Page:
- The third project will build upon the experience of the previous two projects and will be to create a project plan for a digital asset management implementation. This project plan will be up to you to decide what the DAM system will be comprised of and what its objectives will be. You will need to determine what the assets would be (i.e. images, videos, graphics, etc.), how many you will use, etc. for this imaginary DAM system.
- The format will be a 12–14 page report.
- Due by end of the day (EOD) Tuesday, July 27, 2021
- There will be no “extra credits” available for this course.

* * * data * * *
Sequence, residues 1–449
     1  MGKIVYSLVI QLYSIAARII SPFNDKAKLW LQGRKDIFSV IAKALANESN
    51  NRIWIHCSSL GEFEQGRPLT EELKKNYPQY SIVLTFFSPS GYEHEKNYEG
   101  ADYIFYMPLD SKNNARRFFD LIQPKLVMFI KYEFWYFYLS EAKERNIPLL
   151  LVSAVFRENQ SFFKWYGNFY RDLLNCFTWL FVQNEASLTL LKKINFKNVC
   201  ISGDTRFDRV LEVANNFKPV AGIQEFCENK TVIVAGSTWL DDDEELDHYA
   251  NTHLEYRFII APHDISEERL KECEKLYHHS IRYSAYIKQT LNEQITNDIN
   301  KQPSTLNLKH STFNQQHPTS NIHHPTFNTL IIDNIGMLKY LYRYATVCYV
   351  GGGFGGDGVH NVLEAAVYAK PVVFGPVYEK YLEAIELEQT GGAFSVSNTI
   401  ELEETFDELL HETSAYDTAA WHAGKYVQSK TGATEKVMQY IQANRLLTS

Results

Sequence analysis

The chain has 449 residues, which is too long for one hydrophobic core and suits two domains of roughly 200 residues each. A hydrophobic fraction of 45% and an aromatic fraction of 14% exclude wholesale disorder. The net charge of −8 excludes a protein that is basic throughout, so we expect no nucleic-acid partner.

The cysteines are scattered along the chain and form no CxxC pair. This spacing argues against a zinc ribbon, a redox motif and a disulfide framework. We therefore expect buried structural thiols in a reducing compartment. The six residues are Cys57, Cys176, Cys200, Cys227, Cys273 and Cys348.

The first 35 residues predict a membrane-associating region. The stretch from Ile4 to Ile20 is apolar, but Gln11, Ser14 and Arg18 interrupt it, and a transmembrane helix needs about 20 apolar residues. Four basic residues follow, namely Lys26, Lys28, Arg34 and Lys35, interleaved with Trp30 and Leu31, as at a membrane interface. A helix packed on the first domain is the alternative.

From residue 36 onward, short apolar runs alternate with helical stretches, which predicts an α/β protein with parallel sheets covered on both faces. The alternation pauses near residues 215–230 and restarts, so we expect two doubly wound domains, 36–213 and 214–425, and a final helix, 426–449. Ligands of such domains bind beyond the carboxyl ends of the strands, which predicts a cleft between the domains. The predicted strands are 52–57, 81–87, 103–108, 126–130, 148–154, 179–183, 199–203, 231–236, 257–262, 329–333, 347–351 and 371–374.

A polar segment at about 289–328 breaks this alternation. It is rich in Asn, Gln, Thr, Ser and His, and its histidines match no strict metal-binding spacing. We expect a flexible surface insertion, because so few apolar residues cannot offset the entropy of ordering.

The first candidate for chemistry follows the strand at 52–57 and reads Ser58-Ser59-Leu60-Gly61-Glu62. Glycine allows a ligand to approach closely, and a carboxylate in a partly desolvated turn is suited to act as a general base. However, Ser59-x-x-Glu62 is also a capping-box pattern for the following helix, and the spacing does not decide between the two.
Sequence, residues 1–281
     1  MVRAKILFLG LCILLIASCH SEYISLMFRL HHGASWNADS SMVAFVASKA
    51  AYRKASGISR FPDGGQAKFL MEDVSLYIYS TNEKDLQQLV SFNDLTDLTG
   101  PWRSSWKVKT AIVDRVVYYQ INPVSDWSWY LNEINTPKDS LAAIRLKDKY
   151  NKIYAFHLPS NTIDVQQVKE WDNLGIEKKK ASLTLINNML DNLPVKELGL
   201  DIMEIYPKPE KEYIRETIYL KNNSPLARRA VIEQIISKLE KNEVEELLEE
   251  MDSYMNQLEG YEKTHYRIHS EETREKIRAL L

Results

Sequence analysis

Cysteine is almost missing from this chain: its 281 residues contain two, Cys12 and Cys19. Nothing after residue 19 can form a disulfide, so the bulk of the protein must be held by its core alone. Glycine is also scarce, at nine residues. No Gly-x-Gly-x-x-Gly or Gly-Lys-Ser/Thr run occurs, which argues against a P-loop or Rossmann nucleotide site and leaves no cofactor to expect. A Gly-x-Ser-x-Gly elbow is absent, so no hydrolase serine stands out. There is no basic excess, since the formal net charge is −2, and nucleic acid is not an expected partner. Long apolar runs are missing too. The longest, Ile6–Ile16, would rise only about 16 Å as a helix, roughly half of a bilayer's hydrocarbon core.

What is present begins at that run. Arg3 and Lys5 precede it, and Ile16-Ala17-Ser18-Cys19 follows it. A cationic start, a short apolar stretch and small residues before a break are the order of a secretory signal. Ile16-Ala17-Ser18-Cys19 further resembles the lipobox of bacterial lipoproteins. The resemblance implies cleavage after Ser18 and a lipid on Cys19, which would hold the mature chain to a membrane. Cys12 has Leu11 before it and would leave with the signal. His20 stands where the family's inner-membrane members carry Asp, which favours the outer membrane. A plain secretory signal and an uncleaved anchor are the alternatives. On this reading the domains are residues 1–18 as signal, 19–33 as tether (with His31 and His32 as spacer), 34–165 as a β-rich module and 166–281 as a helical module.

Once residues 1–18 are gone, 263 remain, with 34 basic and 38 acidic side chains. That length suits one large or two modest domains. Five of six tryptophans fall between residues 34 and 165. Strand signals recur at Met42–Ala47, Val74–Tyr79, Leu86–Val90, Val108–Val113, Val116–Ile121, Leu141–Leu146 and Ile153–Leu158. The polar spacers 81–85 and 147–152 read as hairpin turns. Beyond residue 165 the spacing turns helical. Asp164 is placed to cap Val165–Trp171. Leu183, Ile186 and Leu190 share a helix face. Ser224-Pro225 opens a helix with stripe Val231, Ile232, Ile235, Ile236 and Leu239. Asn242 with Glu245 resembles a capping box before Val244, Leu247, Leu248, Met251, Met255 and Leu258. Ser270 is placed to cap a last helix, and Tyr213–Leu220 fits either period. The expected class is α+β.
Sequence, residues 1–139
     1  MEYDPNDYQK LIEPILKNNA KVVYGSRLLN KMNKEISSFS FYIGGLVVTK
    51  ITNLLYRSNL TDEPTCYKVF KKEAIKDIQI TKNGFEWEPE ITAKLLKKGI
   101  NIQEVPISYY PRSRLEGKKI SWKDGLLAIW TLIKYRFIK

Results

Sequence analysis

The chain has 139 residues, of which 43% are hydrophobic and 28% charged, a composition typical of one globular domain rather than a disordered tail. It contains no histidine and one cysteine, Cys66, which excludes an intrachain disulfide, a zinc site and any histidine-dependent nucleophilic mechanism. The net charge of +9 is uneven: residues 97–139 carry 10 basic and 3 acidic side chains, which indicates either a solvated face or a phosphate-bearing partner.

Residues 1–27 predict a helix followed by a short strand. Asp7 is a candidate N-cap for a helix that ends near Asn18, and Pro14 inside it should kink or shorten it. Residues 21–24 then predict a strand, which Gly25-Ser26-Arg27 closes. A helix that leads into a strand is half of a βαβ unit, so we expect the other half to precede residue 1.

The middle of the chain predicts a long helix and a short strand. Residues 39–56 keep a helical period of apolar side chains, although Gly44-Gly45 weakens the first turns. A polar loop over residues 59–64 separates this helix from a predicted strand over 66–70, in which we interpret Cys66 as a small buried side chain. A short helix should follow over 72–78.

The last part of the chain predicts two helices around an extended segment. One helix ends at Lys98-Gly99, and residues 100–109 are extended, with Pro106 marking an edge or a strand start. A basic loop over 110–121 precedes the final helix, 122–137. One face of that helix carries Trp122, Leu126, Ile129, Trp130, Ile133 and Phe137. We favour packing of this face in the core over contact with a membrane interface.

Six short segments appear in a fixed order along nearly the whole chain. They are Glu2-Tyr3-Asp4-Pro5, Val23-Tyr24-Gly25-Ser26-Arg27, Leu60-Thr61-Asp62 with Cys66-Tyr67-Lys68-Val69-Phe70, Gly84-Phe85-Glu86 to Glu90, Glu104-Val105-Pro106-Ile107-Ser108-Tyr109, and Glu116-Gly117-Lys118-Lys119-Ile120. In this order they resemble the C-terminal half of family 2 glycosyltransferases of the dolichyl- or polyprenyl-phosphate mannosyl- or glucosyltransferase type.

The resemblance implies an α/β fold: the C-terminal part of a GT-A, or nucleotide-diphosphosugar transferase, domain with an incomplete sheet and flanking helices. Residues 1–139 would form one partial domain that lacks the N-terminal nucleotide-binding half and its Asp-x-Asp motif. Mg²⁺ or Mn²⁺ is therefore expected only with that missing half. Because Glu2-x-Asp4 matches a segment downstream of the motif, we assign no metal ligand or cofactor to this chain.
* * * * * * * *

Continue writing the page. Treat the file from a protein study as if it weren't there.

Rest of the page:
- Percentage weight assigned to class assignments
- Discussion Board / Blog Participation - 15%
- Unit Readings Summary Brief - 15%
- Project #1 - 30%
- Project #2 - 40%
- I will not accept any late assignments. If the assignment is submitted late, then there will be no grade assigned and you will receive “0.”
Course Workload Expectations
Success in this course is based on the expectation that students will spend, for each unit of credit, a minimum of forty-five hours over the length of the course (normally 3 hours per unit per week with 1 of the hours used for lecture) for instruction or preparation/studying or course related activities including but not limited to internships, labs, clinical practica. Other course structures will have equivalent workload expectations as described in the syllabus.
Instructional time may include but is not limited to: